Objectives: To review studies on the cost consequences of compliance and/or persistence in cardiovascular disease (CVD) and related conditions (hypertension, dyslipidaemia, diabetes and heart failure) published since 1995, and to evaluate the effects of noncompliance on healthcare expenditure and the cost-effectiveness of pharmaceutical interventions.
Methods: English language papers published between January 1995 and February 2007 that examined compliance/persistence with medication for CVD or related conditions, provided an economic evaluation of pharmacological interventions or cost analysis, and quantified the cost consequences of noncompliance, were identified through database searches. The cost consequences of noncompliance were compared across studies descriptively.
Results: Of the 23 studies identified, 10 focused on hypertension, seven on diabetes, one on dyslipidaemia, one on coronary heart disease, one on heart failure and three covered multiple diseases. In studies assessing drug costs only, increased compliance/persistence led to increased drug costs. However, increased compliance/persistence increased the effectiveness of treatment, leading to a decrease in medical events and non-drug costs. This offset the higher drug costs, leading to savings in overall treatment costs. In studies evaluating the effect of compliance/persistence on the cost-effectiveness of pharmacological interventions, increased compliance/persistence appeared to reduce cost-effectiveness ratios, but the extent of this effect was not quantified.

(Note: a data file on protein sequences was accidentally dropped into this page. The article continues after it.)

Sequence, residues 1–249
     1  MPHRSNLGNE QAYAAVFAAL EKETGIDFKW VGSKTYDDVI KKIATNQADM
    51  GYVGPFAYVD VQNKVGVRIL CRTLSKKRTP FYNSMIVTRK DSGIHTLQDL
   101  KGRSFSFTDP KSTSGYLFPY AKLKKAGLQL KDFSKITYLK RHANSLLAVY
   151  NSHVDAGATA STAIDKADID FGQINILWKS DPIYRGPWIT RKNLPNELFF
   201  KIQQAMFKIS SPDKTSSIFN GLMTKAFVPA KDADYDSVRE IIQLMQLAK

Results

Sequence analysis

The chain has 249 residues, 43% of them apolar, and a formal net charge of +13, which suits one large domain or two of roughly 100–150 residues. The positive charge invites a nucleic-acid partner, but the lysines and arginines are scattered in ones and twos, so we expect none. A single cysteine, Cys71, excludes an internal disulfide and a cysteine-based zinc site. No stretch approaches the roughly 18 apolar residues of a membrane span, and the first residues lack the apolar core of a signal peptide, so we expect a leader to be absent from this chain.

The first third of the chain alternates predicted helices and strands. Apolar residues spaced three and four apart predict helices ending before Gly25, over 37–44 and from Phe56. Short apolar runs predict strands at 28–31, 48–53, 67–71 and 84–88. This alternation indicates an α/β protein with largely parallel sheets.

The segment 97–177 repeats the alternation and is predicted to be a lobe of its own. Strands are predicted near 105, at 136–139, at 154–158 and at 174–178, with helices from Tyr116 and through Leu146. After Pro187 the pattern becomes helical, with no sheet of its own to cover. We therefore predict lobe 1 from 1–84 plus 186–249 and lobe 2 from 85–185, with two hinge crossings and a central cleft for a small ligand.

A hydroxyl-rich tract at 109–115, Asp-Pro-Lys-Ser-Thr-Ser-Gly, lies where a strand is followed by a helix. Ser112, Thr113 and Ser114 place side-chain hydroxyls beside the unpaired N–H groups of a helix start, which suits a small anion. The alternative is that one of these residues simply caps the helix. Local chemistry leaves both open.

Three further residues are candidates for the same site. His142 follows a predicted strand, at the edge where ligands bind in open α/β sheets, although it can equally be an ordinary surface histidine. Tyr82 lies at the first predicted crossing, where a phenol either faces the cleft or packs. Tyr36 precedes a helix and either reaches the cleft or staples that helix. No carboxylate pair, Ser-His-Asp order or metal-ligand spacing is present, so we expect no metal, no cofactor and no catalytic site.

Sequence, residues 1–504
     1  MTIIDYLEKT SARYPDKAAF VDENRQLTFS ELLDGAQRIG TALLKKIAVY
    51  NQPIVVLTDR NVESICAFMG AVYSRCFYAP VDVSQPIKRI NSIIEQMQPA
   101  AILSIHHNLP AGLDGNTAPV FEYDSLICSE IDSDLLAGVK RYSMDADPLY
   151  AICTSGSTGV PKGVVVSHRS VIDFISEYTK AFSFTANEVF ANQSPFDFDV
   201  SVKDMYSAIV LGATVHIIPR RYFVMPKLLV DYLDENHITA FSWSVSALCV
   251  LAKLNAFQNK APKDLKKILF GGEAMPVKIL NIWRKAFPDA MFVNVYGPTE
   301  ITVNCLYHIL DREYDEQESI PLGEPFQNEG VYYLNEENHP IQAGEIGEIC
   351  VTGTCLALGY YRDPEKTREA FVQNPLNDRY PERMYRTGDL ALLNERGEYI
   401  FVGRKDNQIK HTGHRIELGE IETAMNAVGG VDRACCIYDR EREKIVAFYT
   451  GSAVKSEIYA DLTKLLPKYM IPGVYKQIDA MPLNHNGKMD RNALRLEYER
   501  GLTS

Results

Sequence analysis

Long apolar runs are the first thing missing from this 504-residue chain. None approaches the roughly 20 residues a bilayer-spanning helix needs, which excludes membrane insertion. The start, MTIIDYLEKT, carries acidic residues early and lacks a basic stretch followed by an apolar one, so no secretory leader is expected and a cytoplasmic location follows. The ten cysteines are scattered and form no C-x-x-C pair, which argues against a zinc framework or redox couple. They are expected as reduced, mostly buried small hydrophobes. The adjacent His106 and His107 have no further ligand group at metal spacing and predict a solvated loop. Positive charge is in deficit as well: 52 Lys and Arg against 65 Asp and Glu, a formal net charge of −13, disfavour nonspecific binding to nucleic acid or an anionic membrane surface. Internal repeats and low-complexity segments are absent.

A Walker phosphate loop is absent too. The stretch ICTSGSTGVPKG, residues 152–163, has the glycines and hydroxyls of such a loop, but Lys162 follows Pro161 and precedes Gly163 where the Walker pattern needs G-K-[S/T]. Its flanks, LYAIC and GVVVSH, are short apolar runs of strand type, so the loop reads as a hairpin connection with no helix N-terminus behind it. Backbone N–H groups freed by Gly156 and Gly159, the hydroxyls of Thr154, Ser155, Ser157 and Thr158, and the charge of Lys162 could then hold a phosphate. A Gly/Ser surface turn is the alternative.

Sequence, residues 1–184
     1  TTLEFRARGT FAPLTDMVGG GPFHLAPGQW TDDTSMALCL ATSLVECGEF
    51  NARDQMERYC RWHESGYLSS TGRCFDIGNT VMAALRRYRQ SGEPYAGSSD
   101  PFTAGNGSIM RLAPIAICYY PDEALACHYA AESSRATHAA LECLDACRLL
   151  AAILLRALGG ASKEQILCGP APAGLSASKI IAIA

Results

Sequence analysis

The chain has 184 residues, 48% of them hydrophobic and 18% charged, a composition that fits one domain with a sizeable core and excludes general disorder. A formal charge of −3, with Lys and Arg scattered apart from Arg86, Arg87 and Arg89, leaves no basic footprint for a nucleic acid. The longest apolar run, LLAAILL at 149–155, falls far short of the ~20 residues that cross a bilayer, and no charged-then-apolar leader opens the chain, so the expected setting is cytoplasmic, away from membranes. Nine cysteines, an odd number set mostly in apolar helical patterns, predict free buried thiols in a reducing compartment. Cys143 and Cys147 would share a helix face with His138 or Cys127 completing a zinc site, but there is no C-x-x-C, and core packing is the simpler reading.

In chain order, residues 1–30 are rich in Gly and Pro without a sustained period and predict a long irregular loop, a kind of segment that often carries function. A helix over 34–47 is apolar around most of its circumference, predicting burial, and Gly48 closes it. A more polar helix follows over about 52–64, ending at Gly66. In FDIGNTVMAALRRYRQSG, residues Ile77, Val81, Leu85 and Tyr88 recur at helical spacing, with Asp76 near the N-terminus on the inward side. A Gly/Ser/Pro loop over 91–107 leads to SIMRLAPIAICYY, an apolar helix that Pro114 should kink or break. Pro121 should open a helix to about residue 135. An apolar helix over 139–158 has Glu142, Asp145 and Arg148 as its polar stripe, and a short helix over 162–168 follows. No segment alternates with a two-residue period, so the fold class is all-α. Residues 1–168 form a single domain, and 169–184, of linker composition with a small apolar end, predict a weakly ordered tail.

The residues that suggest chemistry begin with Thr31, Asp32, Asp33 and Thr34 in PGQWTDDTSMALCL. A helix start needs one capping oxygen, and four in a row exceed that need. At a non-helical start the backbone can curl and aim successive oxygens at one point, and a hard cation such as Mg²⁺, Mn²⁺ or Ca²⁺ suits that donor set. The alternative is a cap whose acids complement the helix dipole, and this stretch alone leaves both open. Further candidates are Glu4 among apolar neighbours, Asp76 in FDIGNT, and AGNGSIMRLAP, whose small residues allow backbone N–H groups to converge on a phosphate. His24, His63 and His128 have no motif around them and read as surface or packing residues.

Conclusions: Noncompliance with cardiovascular and antidiabetic medication is a significant problem. Increased compliance/persistence leads to increased drug costs, but these are offset by reduced non-drug costs, leading to overall cost savings. The effect of noncompliance on the cost-effectiveness of pharmacological interventions is inconclusive and further research is needed to resolve the issue.